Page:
It occurs to Edmund one day, buried in a book his brother had suggested to him, that perhaps he will never be able to reckon these things here, in a place he lives but does not call home. He is still a philosopher-king, he realizes with painful clarity, but he lives in a world where such occupations have disappeared as city fog in tepid sunshine.
if time is an arrow, that arrow points towards order: the future is pattern, organisation, union, intensification
Susan has never been a romantic girl, no matter that she likes pretty things and lovely frocks and pleasant company. She is capable, practical, and can adapt to any situation; she is not romantic.
Of course she misses Narnia, but as she is no longer there it is silly and wasteful to bemoan a life once-lived when there is so much still stretching out before her. It is a second chance, an opportunity to try anew all those things her awkward girl-queen self had been made to learn in front of an eager, watchful kingdom.
She does not begrudge her siblings their grief, and she has shed not a few tears herself. But if she can be plucked from one life (any two boys and any two girls) and tumbled into another, and then again when her fifteen years of sunlight have been granted her; if she has so little control over her own fate, then it serves only to put one foot in front of the other and carry on.
She is a practical girl, Susan, and she will not let the dream-life that once existed on the shores of another world hold her back from experiencing all the joys of this one. Whether she has a bow in hand or not, she nocks an arrow and shoots unerringly straight.
time is visible in all places; it paces forward with exquisite regularity; time is absolute
Peter often wishes for a sword.
It is a silly thing to desire, walking along the green campus of his college with his leather case, a gift from his proud father, dangling idly from his hand. It is filled with books and papers and half-written thoughts, nothing like the heft and weight and certainty of the sword that was once as much a part of him as the scarred tips of his calloused fingers.
But even a sword that was not made for him--made for his strength and his skill and his life royal, even a sword that was a pale shadow of that which slew the wolf-man who would have taken his brother's life--even a sword that glinted dull and lifeless in his hands would be better than none at all.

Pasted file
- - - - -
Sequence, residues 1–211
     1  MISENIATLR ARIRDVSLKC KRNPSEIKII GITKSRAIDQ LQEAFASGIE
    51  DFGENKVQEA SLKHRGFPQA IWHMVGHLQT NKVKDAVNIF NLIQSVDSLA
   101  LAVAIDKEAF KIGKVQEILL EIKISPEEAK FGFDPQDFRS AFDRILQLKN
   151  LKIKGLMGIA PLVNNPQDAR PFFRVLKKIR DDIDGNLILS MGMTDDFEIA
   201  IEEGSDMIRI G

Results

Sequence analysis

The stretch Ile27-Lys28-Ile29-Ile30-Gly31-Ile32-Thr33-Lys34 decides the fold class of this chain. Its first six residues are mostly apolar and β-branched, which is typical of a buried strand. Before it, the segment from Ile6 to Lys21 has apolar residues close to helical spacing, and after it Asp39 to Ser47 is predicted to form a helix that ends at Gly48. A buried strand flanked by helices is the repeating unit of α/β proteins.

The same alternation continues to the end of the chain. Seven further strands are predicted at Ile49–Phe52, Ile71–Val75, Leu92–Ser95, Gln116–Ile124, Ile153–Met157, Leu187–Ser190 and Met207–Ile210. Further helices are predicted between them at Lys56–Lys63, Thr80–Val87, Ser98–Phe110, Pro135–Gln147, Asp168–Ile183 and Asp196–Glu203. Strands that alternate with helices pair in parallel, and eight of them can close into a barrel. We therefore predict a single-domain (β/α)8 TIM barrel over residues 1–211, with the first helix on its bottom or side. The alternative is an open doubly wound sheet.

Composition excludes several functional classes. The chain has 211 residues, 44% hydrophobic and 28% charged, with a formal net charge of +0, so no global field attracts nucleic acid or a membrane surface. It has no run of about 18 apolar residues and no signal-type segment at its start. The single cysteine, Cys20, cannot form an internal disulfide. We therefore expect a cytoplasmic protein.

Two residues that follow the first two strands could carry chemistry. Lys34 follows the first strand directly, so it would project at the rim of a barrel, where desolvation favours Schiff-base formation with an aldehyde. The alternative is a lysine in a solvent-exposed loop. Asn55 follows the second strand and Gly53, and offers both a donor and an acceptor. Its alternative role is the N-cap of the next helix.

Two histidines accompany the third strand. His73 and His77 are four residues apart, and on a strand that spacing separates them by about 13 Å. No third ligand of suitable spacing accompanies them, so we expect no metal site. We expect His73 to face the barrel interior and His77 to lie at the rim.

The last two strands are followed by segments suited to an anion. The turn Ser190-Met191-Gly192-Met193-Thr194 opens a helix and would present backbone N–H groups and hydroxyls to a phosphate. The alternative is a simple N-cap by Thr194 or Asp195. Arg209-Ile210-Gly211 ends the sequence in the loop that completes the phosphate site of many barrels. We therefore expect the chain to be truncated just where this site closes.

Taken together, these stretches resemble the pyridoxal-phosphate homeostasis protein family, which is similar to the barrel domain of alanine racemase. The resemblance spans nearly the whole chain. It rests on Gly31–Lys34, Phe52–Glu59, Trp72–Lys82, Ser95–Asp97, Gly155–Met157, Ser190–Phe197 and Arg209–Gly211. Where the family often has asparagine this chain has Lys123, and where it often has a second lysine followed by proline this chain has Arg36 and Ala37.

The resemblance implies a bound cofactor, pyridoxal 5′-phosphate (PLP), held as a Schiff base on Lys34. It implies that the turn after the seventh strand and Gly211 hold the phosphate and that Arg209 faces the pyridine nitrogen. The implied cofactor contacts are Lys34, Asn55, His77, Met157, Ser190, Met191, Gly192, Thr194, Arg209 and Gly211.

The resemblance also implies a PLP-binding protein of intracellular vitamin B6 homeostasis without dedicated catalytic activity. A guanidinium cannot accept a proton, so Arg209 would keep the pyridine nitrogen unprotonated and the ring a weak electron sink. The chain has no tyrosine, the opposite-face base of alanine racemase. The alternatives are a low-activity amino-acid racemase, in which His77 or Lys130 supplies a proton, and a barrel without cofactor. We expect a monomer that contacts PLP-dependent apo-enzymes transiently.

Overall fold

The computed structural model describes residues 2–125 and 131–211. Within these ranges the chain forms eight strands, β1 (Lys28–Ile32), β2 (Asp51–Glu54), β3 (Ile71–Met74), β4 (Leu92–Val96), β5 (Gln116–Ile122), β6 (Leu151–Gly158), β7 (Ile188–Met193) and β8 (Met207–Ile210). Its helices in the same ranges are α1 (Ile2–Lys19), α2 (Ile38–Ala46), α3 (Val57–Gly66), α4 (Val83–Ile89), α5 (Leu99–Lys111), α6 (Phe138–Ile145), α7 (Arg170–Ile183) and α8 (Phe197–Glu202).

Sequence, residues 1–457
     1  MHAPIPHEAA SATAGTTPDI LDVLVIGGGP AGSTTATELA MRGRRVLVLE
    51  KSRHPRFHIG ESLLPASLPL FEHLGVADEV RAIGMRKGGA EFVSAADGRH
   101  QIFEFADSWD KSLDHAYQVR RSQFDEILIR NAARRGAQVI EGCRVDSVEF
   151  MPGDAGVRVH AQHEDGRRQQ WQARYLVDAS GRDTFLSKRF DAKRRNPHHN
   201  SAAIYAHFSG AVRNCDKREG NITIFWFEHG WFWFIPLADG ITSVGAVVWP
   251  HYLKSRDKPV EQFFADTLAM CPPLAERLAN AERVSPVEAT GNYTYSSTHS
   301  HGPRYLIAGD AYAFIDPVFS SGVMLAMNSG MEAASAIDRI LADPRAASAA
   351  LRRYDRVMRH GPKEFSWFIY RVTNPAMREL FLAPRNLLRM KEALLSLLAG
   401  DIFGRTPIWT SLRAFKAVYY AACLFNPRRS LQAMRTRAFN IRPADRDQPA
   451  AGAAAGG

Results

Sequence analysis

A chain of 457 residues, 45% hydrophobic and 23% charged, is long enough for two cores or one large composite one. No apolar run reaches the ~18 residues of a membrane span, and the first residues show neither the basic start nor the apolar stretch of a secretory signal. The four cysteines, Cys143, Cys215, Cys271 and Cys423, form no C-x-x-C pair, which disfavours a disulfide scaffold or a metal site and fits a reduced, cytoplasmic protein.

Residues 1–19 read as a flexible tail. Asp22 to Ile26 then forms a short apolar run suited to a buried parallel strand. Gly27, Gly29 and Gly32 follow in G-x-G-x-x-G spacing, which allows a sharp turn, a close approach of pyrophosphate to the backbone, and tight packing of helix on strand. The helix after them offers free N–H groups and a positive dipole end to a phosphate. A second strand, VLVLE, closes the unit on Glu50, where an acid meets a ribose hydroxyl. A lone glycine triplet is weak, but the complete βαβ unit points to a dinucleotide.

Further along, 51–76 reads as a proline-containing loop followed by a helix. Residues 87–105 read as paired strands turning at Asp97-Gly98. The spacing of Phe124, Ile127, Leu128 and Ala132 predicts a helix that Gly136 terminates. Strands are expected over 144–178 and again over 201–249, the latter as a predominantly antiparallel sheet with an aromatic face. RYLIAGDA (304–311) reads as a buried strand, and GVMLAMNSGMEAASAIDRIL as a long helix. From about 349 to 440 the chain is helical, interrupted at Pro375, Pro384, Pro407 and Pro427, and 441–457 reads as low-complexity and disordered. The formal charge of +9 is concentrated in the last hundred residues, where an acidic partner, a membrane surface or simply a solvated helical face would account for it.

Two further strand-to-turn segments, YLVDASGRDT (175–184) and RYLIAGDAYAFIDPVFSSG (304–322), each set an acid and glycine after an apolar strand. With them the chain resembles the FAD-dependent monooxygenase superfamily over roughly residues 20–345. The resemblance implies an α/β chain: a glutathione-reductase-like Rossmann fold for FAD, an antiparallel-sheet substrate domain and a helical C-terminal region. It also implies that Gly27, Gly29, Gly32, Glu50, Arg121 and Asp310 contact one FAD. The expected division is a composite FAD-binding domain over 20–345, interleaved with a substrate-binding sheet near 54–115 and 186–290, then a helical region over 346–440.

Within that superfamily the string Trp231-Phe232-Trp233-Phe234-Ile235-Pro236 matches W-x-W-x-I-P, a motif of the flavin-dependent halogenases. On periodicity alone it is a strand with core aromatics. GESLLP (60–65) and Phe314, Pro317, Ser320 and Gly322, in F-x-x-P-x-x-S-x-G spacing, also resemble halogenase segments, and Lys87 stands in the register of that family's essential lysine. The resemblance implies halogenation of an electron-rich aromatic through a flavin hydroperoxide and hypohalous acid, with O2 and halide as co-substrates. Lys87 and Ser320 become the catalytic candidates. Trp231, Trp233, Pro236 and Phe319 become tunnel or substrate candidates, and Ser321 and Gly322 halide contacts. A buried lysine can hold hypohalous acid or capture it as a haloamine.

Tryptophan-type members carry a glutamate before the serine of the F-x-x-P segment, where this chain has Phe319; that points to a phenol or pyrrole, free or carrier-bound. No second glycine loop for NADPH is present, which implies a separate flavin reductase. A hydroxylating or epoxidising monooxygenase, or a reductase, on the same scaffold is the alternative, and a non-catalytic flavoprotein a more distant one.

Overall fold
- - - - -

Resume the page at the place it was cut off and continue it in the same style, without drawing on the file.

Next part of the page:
Peter has no sword, and were he to ask for one it would come to far too many questions. He leads a life that does not require the sweat of his temples, the grip of his hands; only the endless answering of questions, and a certain future shuffling paper from one location to another. It could perhaps be called misery, what he feels when he wishes for his sword, but it has been his companion for so long that he does not even think to name it any longer.
He does well in his classes; a boy such as he was made to succeed. He did not need to work hard, in England, in this college, to fashion of himself someone who would do well in this world. He sees the end result of his efforts here as clearly as he can see the field of battle, green with life soon to become red with blood. The end point is as absolute as the beginning was. But he takes no joy in his lessons, no joy in his work, as he once did as a man nearly in his thirtieth year; a man who had built a kingdom stone by stone, ice-touched mountain by snowy hamlet, into something worthy of his kingship, and his life.
He did not live in Narnia long enough to ensure its survival, and when he wishes for his sword, he couples that desire with the lion-checked hope that his land, his Narnia, carried on to greatness. Once, he thrust his sword into the tall green grass of a meadow unmarked by the blood of his people, and knew the land would be there evermore. He never once considered that one day, he would leave the land.
imagine a world in which there is no time, at all
nb1. The original author referenced Weber and Durkheim's conceptions of time; this remix references the fictional, brilliant novella "Einstein's Dreams" by Alan Lightman. All italicized headers are from that book.
nb2. "But doth suffer a sea-change,/into something rich and strange,", from The Tempest.
nb3. It doesn't matter how many times I read these books, they still break my heart right and left. This is the timeline I use.